White House as Helpless Victim on Health Care

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Salon.com

White House as Helpless Victim on Health Care

Of all the posts I wrote this year, the one that produced the most vociferious email backlash -- easily -- was this one from August, which examined substantial evidence showing that, contrary to Obama's occasional public statements in support of a public option, the White House clearly intended from the start that the final health care reform bill would contain no such provision and was actively and privately participating in efforts to shape a final bill without it.  From the start, assuaging the health insurance and pharmaceutical industries was a central preoccupation of the White House -- hence the deal negotiated in strict secrecy with Pharma to ban bulk price negotiations and drug reimportation, a blatant violation of both Obama's campaign positions on those issues and his promise to conduct all negotiations out in the open (on C-SPAN).  Indeed, Democrats led the way yesterday in killing drug re-importation, which they endlessly claimed to support back when they couldn't pass it.  The administration wants not only to prevent industry money from funding an anti-health-care-reform campaign, but also wants to ensure that the Democratic Party -- rather than the GOP -- will continue to be the prime recipient of industry largesse.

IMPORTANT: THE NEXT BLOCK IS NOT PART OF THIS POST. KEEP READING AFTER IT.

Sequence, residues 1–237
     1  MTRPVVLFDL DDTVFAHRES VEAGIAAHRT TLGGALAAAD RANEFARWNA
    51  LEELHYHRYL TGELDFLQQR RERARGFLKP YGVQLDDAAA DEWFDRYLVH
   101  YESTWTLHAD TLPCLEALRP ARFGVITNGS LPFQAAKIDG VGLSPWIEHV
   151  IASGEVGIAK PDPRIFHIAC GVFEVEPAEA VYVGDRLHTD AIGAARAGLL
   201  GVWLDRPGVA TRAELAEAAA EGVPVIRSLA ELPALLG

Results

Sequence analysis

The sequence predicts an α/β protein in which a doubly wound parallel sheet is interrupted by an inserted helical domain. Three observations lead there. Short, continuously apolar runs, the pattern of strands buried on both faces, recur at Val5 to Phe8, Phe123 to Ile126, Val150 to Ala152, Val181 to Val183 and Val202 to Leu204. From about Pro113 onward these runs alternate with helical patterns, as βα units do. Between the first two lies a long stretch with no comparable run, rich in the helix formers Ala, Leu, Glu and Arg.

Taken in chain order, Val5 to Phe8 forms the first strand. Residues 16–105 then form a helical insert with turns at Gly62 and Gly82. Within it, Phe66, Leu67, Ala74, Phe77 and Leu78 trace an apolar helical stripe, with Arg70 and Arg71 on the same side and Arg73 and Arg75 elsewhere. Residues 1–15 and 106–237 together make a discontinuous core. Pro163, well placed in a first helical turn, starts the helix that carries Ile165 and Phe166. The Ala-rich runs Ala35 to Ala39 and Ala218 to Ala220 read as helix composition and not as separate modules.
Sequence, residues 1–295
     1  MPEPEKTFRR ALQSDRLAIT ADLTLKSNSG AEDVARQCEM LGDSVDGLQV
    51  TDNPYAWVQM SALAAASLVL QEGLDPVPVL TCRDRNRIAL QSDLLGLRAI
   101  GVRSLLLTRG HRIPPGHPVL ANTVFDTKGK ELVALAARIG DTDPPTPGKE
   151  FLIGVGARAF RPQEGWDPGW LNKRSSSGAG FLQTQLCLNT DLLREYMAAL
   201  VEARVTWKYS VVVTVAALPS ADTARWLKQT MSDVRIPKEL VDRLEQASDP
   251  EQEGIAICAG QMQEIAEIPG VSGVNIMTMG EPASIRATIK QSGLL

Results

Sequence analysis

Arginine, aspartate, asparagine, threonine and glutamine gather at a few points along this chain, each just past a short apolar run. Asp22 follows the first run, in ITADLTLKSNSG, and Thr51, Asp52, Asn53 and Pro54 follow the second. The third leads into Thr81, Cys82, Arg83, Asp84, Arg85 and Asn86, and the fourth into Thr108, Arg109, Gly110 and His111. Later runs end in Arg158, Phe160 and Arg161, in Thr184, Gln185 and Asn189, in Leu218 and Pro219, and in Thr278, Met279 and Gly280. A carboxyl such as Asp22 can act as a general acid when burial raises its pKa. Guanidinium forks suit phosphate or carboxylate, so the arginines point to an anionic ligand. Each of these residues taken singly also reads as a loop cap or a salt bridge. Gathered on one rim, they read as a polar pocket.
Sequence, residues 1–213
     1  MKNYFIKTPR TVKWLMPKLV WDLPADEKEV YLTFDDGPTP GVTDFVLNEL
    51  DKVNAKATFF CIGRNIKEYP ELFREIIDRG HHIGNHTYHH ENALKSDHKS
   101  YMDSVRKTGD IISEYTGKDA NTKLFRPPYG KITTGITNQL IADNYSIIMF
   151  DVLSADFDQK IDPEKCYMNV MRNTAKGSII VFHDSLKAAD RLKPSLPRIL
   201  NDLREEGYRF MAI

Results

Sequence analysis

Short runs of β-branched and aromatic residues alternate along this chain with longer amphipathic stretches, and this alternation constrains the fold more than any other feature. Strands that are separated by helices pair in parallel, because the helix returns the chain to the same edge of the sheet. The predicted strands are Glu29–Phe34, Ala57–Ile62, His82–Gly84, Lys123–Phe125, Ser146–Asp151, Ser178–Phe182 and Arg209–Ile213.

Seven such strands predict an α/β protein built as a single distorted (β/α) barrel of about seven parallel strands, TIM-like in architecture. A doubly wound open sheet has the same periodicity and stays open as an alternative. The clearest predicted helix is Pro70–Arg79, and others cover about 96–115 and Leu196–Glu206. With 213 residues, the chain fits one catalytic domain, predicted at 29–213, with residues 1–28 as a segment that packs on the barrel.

As was painfully predictable all along, the final bill will not have any form of public option, nor will it include the wildly popular expansion of Medicare coverage.  Obama supporters are eager to depict the White House as nothing more than a helpless victim in all of this -- the President so deeply wanted a more progressive bill but was sadly thwarted in his noble efforts by those inhumane, corrupt Congressional "centrists."  Right.  The evidence was overwhelming from the start that the White House was not only indifferent, but opposed, to the provisions most important to progressives.  The administration is getting the bill which they, more or less, wanted from the start -- the one that is a huge boon to the health insurance and pharmaceutical industry.   And kudos to Russ Feingold for saying so:

Sen. Russ Feingold (D-Wis.), among the most vocal supporters of the public option, said it would be unfair to blame Lieberman for its apparent demise. Feingold said that responsibility ultimately rests with President Barack Obama and he could have insisted on a higher standard for the legislation.

"This bill appears to be legislation that the president wanted in the first place, so I don't think focusing it on Lieberman really hits the truth," said Feingold. "I think they could have been higher. I certainly think a stronger bill would have been better in every respect."